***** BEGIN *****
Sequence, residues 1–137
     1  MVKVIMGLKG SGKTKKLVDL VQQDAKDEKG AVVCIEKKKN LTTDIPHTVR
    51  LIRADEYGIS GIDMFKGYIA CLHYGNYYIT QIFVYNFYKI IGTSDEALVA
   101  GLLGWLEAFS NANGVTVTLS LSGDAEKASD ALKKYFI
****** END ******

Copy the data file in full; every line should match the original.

Sequence, residues 1–137
     1  MVKVIMGLKG SGKTKKLVDL VQQDAKDEKG AVVCIEKKKN LTTDIPHTVR
    51  LIRADEYGIS GIDMFKGYIA CLHYGNYYIT QIFVYNFYKI IGTSDEALVA
   101  GLLGWLEAFS NANGVTVTLS LSGDAEKASD ALKKYFI